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Aston ‘Family Man’ Barrett, Bob Marley & the Wailers Bassist, Dead at 77

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Aston ‘Family Man’ Barrett, Bob Marley & the Wailers Bassist, Dead at 77


Aston Barrett, the Jamaican bassist known as “Family Man” who served as the rhythmic architect for reggae legends like Bob Marley and the Wailers, Burning Spear, and Augustus Pablo, has died at the age of 77.

Barrett’s death was announced on social media Saturday by his son Aston Barrett Jr. “With the heaviest of hearts, we share the news of the passing of our beloved Aston ‘Familyman’ Barrett after a long medical battle,” Barrett Jr. wrote. “This morning, the world lost not just an iconic musician and the backbone of The Wailers but a remarkable human being whose legacy is as immense as his talent. Our family is asking for privacy during this challenging time, as words cannot express our profound loss.”

One of Jamaica’s most renowned, prolific and influential studio musicians, the Kingston-born Barrett, along with his younger brother and drummer Carlton, worked as the rhythm section for the near-entirety of Marley’s tenure as frontman of the Wailers, playing bass on a string of classic albums spanning from 1970’s Soul Rebels to the group’s 1983 posthumous LP Confrontation.

“The drum, it is the heartbeat, and the bass, it is the backbone,” Barrett once said. “If the bass is not right, the music is gonna have a bad back, so it would be crippled.”

Nearly every now-Legendary song by Marley and the Wailers featured Barrett’s bass work: “I Shot the Sheriff,” “Get Up, Stand Up,” “Stir It Up,” “Jamming,” “No Woman, No Cry,” “Three Little Birds,” “Could You Be Love,” “Is This Love,” and dozens more.

Barrett — dubbed “Family Man” for his patriarchal role as bandleader and musical director of the Wailers — “played a primary role in introducing the sound of reggae’s one-drop rhythm to international audiences,” Rolling Stone wrote in our list of the 50 Greatest Bassists of All Time. “But the influence of the self-proclaimed ‘Architect of Reggae’ extended far beyond that genre into pop, R&B, and funk: His strutting bass line on the 1969 instrumental track ‘The Liquidator,’ by the Harry J. All Stars, would end up serving as a direct template for the Staples Singers’ smash ‘I’ll Take You There’ three years later.”

While Barrett landed at Number 28 on the Rolling Stone list, his peers held him in higher regard, including legendary reggae bassist Robbie Shakespeare, who mentored under Barrett before founding his own formidable rhythmic duo Sly & Robbie.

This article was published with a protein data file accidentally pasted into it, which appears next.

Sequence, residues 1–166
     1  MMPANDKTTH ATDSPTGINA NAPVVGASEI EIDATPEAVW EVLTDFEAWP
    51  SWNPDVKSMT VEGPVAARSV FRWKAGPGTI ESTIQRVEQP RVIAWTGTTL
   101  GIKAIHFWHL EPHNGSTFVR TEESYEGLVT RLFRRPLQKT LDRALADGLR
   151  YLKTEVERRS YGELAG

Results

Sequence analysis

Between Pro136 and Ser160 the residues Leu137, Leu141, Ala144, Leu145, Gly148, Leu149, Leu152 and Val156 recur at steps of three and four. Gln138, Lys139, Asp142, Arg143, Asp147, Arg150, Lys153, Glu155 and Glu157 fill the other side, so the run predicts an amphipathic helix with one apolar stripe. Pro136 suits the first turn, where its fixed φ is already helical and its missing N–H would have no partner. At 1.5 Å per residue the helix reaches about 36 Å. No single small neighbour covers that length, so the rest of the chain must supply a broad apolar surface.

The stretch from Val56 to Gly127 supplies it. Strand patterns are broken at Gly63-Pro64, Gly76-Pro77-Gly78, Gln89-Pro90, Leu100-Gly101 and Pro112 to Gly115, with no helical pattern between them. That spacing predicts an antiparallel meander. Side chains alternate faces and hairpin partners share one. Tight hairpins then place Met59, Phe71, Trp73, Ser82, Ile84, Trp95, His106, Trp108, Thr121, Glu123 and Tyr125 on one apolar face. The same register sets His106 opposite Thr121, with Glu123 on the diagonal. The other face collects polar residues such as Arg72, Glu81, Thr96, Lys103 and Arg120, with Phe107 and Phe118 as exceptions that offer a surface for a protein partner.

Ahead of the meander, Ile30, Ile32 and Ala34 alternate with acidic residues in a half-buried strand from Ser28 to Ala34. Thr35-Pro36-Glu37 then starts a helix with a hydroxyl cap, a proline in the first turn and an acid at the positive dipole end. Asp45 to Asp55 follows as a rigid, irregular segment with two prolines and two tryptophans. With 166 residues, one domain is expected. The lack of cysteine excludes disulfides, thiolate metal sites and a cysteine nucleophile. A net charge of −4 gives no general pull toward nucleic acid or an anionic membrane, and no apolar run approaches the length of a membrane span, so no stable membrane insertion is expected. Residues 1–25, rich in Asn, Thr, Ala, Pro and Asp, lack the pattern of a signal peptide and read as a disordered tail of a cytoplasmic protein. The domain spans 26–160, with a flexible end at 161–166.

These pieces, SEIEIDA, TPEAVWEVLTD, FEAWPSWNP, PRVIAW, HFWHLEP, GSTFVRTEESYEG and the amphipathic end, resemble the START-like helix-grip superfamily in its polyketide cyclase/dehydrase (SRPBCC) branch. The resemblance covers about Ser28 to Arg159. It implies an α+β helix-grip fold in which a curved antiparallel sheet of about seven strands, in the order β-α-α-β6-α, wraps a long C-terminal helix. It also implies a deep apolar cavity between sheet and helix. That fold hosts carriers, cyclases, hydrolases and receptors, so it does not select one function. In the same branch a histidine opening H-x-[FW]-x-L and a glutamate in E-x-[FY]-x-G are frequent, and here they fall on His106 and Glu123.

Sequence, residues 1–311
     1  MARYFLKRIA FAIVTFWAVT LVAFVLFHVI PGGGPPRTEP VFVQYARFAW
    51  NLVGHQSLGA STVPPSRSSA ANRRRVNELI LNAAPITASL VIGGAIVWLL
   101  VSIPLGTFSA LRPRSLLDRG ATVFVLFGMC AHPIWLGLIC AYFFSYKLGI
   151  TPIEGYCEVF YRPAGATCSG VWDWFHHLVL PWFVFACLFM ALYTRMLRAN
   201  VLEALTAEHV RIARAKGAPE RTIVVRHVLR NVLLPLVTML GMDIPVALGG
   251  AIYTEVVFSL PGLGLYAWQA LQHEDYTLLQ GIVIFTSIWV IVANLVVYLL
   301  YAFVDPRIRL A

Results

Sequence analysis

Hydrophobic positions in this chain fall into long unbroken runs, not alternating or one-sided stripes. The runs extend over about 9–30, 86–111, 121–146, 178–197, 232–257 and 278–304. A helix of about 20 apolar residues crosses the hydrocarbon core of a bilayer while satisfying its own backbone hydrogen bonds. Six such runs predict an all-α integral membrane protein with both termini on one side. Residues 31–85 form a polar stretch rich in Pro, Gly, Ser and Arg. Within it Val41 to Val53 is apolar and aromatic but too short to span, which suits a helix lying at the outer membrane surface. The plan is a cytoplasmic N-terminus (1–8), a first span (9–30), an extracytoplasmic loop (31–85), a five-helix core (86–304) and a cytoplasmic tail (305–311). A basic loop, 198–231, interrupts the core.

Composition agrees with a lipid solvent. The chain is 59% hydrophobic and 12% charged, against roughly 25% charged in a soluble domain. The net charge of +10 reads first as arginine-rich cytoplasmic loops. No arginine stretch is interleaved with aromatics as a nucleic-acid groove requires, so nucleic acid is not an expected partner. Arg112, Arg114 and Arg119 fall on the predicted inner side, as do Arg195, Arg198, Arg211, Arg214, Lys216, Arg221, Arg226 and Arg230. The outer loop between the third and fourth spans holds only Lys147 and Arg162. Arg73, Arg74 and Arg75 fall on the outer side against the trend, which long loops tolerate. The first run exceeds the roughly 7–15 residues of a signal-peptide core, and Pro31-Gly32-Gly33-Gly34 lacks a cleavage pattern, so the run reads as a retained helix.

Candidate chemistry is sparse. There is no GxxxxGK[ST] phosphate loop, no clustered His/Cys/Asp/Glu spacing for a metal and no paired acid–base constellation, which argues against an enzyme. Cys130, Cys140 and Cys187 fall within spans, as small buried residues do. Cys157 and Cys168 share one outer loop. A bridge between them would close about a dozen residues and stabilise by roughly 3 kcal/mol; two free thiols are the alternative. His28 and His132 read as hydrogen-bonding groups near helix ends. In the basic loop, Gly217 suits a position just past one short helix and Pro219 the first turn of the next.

“He should be Number One [on the list]. He’s the one who started it all,” Shakespeare told Rolling Stone in 2020. “People think he played on [Bob Marley’s] ‘Concrete Jungle,‘ but I played ‘Concrete Jungle,’ I was just playing a style that was similar [to Barrett, who with the Wailers performed on the rest of Catch a Fire]. But Family Man is the one who kicked my butt; he’s the one who told me to get up and do this.”

“It is with tears in our hearts and eyes that we share the news from Aston Barrett Jr. that his father our beloved friend, musical partner, bredrin Aston ‘Family Man’ Barrett has made the transition from the physical world,” Bob Marley’s official social media wrote Saturday. “Anytime we listen to the music pay close attention to the genius of Fams on the bass. A pioneer, unique, trendsetter, revolutionary in the musical space and most of all as his name implies a true family man. Condolences to his family.”

Bob’s son Ziggy Marley wrote, “My teacher is gone. Aston Family Man Barrett his feel & style has inspired me & so many others. We will continue to study his genius for generations and miss his physical presence still his spiritual energy & teachings endures. Love to the Barrett family.”

UB40’s Ali Campbell added, “His legacy will forever resonate through the timeless music he contributed to. May he rest in eternal peace, and may his family find solace in the enduring impact he made.”

In addition to his decade-long tenure with the Wailers, Barrett also had stints with Lee “Scratch” Perry’s the Upsetters, the Aggrovators, and King Tubby’s house band, and played on acclaimed reggae albums by Peter Tosh (Equal Rights), Max Romeo (Revelation Time), Keith Hudson (Pick a Dub), and I-Roy (Truth and Rights), to name just a handful.

Barrett — who would later give “Family Man” a double meaning by siring at least 50 children — sued Island Records in 2006, asking for £60 million in unpaid royalties from his work with the Wailers.

“Aston Barrett and his brother literally created the sound of the Wailers, though not for a minute to detract from the extraordinary songwriting ability of Mr. Marley,” Barrett’s lawyer Stephen Bate told the court when the lawsuit went to trial. “It was the Barretts’ unique sound which brought the Wailers international success.” However, Barrett ultimately lost the lawsuit.

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Despite not getting the financial recognition he deserved, Barrett was routinely honored by his bassist peers, including a Lifetime Achievement Award from Bass Player magazine. In 2021, Jamaica awarded Barrett an Order of Distinction for his role as the musical “backbone” of the nation’s most enduring music.

“Aston’s music brought joy to millions, and his influence on reggae is beyond measure,” Barrett Jr. added of his father. “He was a man of few words, but his words carried wisdom, kindness, and love. His bass lines were not just the foundation of The Wailers’ music but the heartbeat of a genre that has touched hearts around the globe.”





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